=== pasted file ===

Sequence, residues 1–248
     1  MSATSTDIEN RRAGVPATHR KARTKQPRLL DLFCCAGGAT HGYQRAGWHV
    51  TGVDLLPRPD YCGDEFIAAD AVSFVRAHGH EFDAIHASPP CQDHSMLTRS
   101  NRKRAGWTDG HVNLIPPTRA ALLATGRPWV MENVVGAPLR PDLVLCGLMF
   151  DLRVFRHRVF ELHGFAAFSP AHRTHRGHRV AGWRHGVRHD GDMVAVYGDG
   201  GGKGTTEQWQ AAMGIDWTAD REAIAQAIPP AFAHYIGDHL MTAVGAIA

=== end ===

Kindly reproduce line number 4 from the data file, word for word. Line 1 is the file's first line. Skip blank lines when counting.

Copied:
   101  NRKRAGWTDG HVNLIPPTRA ALLATGRPWV MENVVGAPLR PDLVLCGLMF